In the eyes of Venezuela’s authorities, journalist Dereck Blanco committed a serious offence last month. During a live television broadcast, he referred to opposition leader Juan Guaidó as the country’s “acting president”.
For state media regulator Conatel, which recognises President Nicolás Maduro as the legitimate leader of Venezuela, this was too much. It sent a complaint to Mr Blanco’s employer Globovisión threatening to punish it.
Globovisión, a privately owned channel, suggested Mr Blanco take a holiday. He did, and then quit.
“I didn’t make a premeditated decision to call Guaidó acting president. In fact, I’d done it before,” Mr Blanco said. “But this time one of my social media followers posted it and it went viral. That’s what seems to have angered Conatel.”
Mr Blanco’s case says much about the state of press freedom in Venezuela. US-based think-tank Freedom House says that in Latin America, only Cuba has a worse record.
Journalists are being arrested, intimidated, censored by their own media, physically and verbally attacked and threatened with legal action. Some have had their equipment confiscated and their recordings destroyed.
Espacio Público, a local media watchdog, said things had worsened since Mr Guaidó launched his challenge to Mr Maduro in January, and declared himself interim president. It said the state had embarked on “a new phase of repression against people who express their criticism or dissent”.
In the first two months of 2019, the watchdog registered 288 violations of the right to freedom of expression, mostly against journalists. “The way we’re going this will be by far the worst year yet for press freedom,” its director Carlos Correa said.
On Tuesday, several journalists were robbed outside the National Assembly building in Caracas as they turned up to hear Mr Guaidó speak, and other remained trapped inside the building due to the threat outside.
Mike Pompeo, the US secretary of state, condemned “harassment of National Assembly deputies and members of the media . . . by Nicolás Maduro’s lawless armed gangs, known as colectivos”.
But it is not only journalists who are being silenced.
Last month, while Mr Guaidó was giving a speech, state telecoms company CANTV blocked YouTube and Google Translate in an apparent bid to prevent his words reaching a wider audience. It has done the same with TunnelBear and Windscribe — VPN services used by Venezuelans to skirt censorship.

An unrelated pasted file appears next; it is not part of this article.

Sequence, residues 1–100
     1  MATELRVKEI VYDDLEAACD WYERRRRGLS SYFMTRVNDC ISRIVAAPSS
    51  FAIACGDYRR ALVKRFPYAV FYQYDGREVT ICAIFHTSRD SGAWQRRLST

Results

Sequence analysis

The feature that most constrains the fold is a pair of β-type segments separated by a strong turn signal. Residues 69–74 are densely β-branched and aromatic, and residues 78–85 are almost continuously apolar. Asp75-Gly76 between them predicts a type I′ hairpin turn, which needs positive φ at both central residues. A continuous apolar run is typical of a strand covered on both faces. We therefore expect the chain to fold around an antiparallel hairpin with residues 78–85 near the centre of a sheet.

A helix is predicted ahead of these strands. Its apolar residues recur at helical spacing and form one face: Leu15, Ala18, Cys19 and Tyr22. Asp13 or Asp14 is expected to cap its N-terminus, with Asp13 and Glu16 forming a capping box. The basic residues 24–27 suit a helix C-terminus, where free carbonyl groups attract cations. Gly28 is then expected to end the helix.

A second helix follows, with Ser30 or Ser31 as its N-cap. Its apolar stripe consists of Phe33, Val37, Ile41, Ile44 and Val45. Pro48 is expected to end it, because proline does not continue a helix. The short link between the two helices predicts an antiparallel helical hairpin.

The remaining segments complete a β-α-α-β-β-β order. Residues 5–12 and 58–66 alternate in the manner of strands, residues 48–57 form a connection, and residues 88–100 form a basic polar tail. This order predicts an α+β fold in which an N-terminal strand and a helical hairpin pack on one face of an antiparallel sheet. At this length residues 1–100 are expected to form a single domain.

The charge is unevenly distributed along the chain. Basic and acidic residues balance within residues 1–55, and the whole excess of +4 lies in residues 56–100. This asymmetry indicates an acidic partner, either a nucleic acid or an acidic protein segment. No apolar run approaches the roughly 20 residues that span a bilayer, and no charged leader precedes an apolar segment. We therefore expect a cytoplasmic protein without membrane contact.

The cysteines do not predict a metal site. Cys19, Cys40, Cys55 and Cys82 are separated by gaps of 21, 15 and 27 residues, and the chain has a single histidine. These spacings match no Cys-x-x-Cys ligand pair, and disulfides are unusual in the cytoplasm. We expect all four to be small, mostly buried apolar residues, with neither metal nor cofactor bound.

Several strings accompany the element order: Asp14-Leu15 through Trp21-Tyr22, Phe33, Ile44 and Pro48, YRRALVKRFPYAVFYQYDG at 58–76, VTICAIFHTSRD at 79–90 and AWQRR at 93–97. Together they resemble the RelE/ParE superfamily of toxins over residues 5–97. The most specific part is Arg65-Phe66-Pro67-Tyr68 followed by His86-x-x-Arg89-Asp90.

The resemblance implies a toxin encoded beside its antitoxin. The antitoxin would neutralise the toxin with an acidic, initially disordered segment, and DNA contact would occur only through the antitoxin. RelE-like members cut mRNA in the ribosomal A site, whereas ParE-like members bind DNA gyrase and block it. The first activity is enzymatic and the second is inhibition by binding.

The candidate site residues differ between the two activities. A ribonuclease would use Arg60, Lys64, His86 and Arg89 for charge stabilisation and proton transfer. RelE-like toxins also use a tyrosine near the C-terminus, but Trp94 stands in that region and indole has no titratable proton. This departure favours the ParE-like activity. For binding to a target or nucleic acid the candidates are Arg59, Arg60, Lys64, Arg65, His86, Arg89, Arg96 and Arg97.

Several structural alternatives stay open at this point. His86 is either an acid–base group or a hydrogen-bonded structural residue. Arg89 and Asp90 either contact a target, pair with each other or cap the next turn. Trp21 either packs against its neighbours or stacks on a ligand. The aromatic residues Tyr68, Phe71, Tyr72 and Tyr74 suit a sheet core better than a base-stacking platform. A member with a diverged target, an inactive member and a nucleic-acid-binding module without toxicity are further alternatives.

When the country suffered its worst-ever power outage this month, TV, the internet, mobile phone networks, WhatsApp and Twitter were all knocked out. At one point, 96 per cent of Venezuela’s telecoms infrastructure was offline.
Everyone suffered, but especially ordinary people, who could not contact friends and relatives. “The blackout was absolute,” said 63-year-old Oscar Pinto, a Venezuelan exile in Bogotá who struggled to contact his wife and son in Caracas.
The power cut hit Mr Guaidó and his supporters disproportionately hard. Largely denied access to state media, they rely heavily on social networks to get their message across and to mobilise.
In contrast, state-owned Radio Nacional de Venezuela stayed on air, repeating the government’s mantra that the outage was caused by Mr Guaidó and US-backed saboteurs. A second major blackout hit the country again this week, closing schools and businesses and forcing Venezuelans to seek out rare spots where they could find a mobile phone signal.
Clashes between Venezuela’s leftwing government and journalists are nothing new. More than a decade ago, then-president Hugo Chávez branded the country’s privately owned TV channels “the four horsemen of the apocalypse” after they actively supported a coup to remove him from power.
Since then, one, RCTV, has folded while the three others, including Globovisión, have been largely bent to the government’s will. Switch on a TV in Venezuela these days and you will find scant coverage of Mr Guaidó’s street protests.
Newspapers have fared little better. Espacio Público says 25 closed last year because of government intimidation, a shortage of cash or simply a lack of paper. The country’s last big anti-Maduro newspaper El Nacional published its final print edition in December after 75 years.
In February, Mr Maduro cut short a TV interview with Jorge Ramos of US-based broadcaster Univision because he did not like the journalist’s questions. The crew was arrested briefly and its equipment confiscated.
Days later, US freelance journalist Cody Weddle was taken from his house and interrogated before being abruptly deported after four years in Venezuela. During the power outage, local radio journalist Luis Carlos Diáz was briefly arrested and accused of orchestrating it.
“It’s clear that the atmosphere for journalists has deteriorated drastically in the first few months of this year,” said Mr Weddle, now back home in the US. “In my case, it was a classic example of authorities looking for a journalist’s sources. In the case of Luis Carlos, authorities needed a scapegoat for the blackout.
“This persecution could escalate further as the political crisis continues.”
This month, German journalist Billy Six was released after four months in prison, accused of spying.
Journalists from Poland, Sweden, Chile as well as Venezuela have also been targeted.
As for Mr Blanco, after more than a decade at Globovisión in which he became one of its best-known anchormen, he is looking for a new job.
“I plan to stay in Venezuela but the situation for journalists here is complicated,” he said. “Very complicated.”
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